It goes without saying that time has a way of taking its toll on everything in existence. Humans watch as their bodies and minds wither away from old age, and buildings crumble to the ground from years of wear and tear. To this day, adventurers from all over the world flock to Rome, Italy to get a taste of ancient times. Unfortunately, the buildings are mere skeletons of what they used to be, but tourists are still able to feel the energy from the city's golden age.
Once believed to be the largest temple of ancient Rome, the Temple of Venus and Roma is located right next to the Colosseum.
The temple, which was built in 135 AD, was dedicated to the goddesses Venus Felix and Rome Aeterna, also known as “Venus the Bringer of Good Fortune” and “Roma Aeterna.” An earthquake destroyed the temple in the 9th century, but Pope Leo IV ordered a church to be built in its place.
While Tarquinius Superbus was the King of Rome, he made sure that the Temple of Saturn was erected as a dedication to the god Saturn in the year 497 BC.
Unfortunately, the Temple of Saturn suffered from several disasters, including a massive fire, and it was destroyed and rebuilt. Located on one of the preserved pediments, reads the words: "The Senate and People of Rome restored [the temple] consumed by fire."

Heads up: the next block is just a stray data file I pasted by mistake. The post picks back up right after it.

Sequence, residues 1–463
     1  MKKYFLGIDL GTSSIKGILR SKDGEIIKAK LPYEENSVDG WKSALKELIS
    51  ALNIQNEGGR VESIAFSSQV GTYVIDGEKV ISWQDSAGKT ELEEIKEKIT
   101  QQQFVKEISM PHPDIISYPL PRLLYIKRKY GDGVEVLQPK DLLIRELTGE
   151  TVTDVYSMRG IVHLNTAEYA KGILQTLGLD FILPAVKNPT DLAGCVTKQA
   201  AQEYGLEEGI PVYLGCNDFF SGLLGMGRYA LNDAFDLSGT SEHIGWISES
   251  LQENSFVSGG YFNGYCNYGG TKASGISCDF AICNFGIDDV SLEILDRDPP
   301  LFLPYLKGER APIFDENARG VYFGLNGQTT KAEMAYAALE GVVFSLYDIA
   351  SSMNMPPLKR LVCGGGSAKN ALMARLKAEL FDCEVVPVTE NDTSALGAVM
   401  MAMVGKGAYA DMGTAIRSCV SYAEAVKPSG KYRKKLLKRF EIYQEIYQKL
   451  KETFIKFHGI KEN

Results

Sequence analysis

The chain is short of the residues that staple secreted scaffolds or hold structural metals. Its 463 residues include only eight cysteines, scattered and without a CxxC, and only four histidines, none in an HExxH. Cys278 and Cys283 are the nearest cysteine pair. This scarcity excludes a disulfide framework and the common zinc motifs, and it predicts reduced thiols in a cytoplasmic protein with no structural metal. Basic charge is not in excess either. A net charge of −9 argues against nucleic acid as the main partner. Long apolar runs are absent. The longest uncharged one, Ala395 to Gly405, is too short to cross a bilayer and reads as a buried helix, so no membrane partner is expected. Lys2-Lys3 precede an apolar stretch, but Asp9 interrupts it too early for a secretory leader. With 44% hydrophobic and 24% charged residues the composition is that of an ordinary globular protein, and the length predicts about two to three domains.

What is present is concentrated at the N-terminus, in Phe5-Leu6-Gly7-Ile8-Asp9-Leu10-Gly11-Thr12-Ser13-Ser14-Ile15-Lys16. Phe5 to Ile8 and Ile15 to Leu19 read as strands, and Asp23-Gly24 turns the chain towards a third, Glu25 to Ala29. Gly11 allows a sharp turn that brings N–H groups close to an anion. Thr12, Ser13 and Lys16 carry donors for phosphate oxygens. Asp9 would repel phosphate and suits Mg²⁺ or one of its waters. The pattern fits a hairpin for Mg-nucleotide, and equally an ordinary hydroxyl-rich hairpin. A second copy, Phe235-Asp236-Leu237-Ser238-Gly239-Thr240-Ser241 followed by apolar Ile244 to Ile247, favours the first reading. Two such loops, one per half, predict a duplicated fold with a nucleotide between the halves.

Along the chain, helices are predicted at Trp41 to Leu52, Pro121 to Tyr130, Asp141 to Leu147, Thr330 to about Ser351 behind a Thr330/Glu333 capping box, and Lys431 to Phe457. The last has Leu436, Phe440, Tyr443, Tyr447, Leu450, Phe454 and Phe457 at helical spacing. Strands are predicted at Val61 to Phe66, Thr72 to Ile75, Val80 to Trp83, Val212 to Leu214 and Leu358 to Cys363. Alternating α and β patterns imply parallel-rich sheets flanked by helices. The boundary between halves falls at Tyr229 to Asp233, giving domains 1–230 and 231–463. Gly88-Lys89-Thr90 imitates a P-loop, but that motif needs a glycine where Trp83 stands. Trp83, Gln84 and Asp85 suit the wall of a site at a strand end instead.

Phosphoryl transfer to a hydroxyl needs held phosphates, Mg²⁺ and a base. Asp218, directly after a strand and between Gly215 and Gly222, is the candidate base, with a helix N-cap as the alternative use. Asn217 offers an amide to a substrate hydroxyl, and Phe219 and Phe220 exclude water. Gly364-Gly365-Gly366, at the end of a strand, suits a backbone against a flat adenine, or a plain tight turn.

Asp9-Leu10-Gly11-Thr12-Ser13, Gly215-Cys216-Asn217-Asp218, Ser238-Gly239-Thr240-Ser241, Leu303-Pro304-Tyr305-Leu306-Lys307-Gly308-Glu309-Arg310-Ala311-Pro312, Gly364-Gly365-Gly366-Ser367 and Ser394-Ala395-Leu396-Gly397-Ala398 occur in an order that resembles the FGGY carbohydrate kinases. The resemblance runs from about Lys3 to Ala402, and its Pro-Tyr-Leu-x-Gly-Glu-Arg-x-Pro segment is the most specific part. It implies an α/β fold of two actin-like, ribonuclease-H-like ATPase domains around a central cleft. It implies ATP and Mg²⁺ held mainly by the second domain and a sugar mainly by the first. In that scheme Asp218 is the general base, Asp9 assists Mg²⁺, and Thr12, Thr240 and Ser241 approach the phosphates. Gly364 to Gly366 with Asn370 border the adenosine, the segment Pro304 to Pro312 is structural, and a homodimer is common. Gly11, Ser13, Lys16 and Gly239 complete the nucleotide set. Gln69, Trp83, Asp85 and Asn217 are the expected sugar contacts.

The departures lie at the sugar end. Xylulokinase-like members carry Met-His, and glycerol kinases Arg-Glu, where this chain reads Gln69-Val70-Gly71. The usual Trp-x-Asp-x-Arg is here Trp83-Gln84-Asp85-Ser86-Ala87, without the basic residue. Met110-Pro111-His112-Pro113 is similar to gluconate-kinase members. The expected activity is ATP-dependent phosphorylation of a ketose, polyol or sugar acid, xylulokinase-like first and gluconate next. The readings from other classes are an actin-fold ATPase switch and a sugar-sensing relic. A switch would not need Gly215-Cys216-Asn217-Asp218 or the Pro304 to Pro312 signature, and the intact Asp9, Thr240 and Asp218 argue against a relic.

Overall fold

Used for drama performances, the Theatre of Marcellus was built in 13 BC.
Even though it’s been a victim of use and time, there are several sections of the Theatre that are still standing today. Sadly, there isn’t much left of the temples that were dedicated to the Roman gods Apollo and Bellona. Even though it was rebuilt throughout the years, there are only 3 columns of Apollo's temple that are still standing.
The Tabularium was once the official records office of ancient Rome and the office building for city officials.
Providing a breathtaking view of the Roman Forum, officials were able to complete their work in a peaceful atmosphere. Despite the fact that it was built in 78 BC, the great corridor is still beautifully preserved.
Dubbed one of the New 7 Wonders of the World in 2007, the Colosseum, is approximately 2000 years old.
In its glory days, the amphitheater could hold up to 80,000 spectators, and the townspeople were surely dying to attend. The Colosseum was once the entertainment hub of the community, hosting animal hunts, executions, re-enactments of past battles, gladiatorial contests, and mythology-based dramas. The Colosseum is now one of the most popular places in Rome for tourists to visit, even though it has been severely damaged throughout the years by earthquakes and stone-robbers.